Blogs and Microblogs for Academic Research

The traditional scholarly publishing cycle can take years to get information out to an audience. Newer platforms for scholarly communication, such as blogs, Twitter, and Facebook, virtually eliminate this lag time and facilitate warp-speed sharing of ideas.

·         What social media sources have you found relevant to your own or your patrons’ research?

·         Is there a type of research that lends itself better to using social media sources?

·         What tools and strategies can librarians use help students and faculty find high quality social media sources that are relevant to their research?

·         How can librarians help students and faculty evaluate the quality of social media sources? What considerations make them similar to traditional sources? What differentiates them?

·         How can librarians promote social media sources to faculty members? Are there examples of high-quality research using social media sources that can serve as a model to skeptical faculty members?

Proposed by Dawn Emsellem & Laura Kohl



Session Proposal: Teaching New Users (General Discussion)

On one side, we have the creation, preservation, and presentation of content. On the other, we have our users. With so many fantastic resources available, how do we help our users find exactly what they need? I would like to share and hear about techniques and tools used to connect researchers of all levels with the repositories we’re creating.


Session Proposal: The changing world of ebooks

The changing world of ebooks

Given: Patrons will increasingly use ebooks in the coming years.

What can librarians do to:

  • Provide the titles they need (purchase outright, purchase-on-demand, provide changing content in the form of vendor packages such as ebrary)
  • Ascertain what titles they need (solicit patron input, offer purchase-on-demand)
  • Make ebooks easily accessible (for reading online or downloading, simplifying digital rights management, providing mobile apps)
  • Provide hardware (loan equipment such as PCs, ebook readers, tablets; and perhaps provide pre-loaded content on these devices)
  • Help them find the digital content already in the library’s collection (web-scale discovery layer, one-on-one or classroom instruction, pushing instructional content to patrons by electronic means such as email, social network locations, Twitter, RSS feeds)
  • Promoting electronic publishing; publishing titles sponsored by libraries themselves; working with university publishers

Please bring your suggestions—what is your library doing, what should we be doing, what is in the works—for improving our service to patrons in this changing environment.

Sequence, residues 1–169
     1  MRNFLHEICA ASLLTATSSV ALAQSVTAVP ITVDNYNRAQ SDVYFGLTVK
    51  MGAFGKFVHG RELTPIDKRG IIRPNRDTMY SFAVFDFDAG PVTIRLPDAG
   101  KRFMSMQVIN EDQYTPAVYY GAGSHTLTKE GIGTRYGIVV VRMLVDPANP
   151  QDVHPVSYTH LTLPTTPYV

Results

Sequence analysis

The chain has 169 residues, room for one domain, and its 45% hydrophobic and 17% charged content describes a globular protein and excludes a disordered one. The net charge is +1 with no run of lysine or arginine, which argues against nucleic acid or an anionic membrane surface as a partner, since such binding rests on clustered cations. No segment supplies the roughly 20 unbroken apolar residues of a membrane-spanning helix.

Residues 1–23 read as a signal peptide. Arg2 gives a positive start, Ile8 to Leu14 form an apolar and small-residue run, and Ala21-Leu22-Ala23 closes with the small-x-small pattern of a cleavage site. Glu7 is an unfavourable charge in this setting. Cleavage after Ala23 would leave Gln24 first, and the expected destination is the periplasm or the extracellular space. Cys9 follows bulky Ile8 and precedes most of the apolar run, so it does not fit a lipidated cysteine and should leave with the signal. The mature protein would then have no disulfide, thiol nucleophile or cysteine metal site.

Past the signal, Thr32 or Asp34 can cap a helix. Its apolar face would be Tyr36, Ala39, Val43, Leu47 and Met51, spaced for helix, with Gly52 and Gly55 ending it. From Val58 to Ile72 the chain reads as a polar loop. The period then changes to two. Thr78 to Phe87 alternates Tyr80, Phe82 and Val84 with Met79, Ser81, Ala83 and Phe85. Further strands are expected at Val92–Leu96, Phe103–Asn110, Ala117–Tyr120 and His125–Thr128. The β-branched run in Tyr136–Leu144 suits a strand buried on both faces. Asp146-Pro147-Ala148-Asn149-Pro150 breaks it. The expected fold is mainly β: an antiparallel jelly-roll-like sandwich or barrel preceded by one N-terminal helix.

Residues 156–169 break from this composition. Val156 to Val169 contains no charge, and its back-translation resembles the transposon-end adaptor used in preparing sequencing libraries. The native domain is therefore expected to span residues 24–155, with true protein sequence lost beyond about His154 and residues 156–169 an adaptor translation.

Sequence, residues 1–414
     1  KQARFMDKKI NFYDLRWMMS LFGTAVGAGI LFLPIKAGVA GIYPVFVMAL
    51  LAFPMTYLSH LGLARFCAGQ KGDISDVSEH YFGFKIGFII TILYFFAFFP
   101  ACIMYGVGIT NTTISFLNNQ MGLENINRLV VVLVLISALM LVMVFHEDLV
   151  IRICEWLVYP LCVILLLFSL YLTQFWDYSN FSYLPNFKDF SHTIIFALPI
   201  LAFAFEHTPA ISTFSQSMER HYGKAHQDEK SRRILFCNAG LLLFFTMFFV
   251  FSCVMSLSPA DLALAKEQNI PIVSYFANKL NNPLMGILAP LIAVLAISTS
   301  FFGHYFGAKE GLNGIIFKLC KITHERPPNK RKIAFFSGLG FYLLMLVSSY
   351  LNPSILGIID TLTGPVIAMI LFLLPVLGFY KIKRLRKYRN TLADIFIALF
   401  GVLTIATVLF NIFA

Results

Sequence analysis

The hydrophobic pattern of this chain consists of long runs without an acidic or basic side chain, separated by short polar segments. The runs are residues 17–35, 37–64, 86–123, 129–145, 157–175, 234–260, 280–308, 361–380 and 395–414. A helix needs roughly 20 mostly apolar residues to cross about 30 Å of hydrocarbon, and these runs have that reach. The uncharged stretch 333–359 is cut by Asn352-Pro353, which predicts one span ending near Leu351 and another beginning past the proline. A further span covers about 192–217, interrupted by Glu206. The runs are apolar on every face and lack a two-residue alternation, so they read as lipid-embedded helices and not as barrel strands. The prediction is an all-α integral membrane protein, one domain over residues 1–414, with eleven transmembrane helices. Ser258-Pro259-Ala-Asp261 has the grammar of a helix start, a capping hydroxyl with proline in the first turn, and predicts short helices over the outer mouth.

Campers Cap Reached

THATCamp Libraries has reached it’s capacity of 75 registrants. If you haven’t received notification that you registration is approved, you are on the waiting list.

If you have registered and you can’t make it, please let us know at

Thank you!


Session Proposal: The MOOC Experience

It may be a fun word to say, but that little acronym is changing how we approach education.   I took my first MOOC this fall (a programming course), and as a student, it was a worthwhile experience.  I’m also signed up to take the E-Learning and Digital Cultures course that starts at the end of January (and will most likely be wrapping up during the camp).

I’d like to convene a discussion group at camp around MOOCs to discuss our experiences with them (as student, instructor and librarian).   Some possible topics for discussion include (we certainly do not have to limit ourselves to these topics):

1.  How has experience in a MOOC changed your approach to library instruction or reference service?

2.  What MOOC platforms work best for learning?  What would be your ideal MOOC platform?

3.  What should the future business model of the MOOC be?  Paid? Free?  Hybrid?

4.  What subjects do you feel lend themselves best to the MOOC?  Why?


Registration Update

Registrations are rolling in for THATCamp Libraries. Initial registrations will be approved in early January. Stay tuned for an e-mail about your registration status. Due to space limitations, the event is capped at 75 registrants. After that, we will keep a waiting list for anyone else who might be interested. Stay tuned for more info and thanks for your interest in THATCamp Libraries!


THATCamp Libraries

New technology is coming on the scene all the time. Digital Humanities, MOOCs, social media, and more are transforming the content and services libraries, and their staff, provide to their constituents. Even ‘old’ technologies, such as databases and metadata are evolving in the face of these changes.

THATCamp Libraries will provide a venue to further explore on-going conversations about strategic partnerships and services libraries are uniquely situated to offer to the humanities, moving away from a support model to a truly collaborative framework in which librarians foster and contribute as experts and scholars in their own right.

THATCamp Libraries will take place on Saturday, February 23rd at Simmons College in Boston, MA. Visit the Register page to sign up.


About THATCamp

What is a THATCamp?

Here are the key characteristics of a THATCamp:

  • It’s collaborative: there are no spectators at a THATCamp. Everyone participates, including in the task of setting an agenda or program.
  • It’s informal: there are no lengthy proposals, papers, presentations, or product demos. The emphasis is on productive, collegial work or free-form discussion.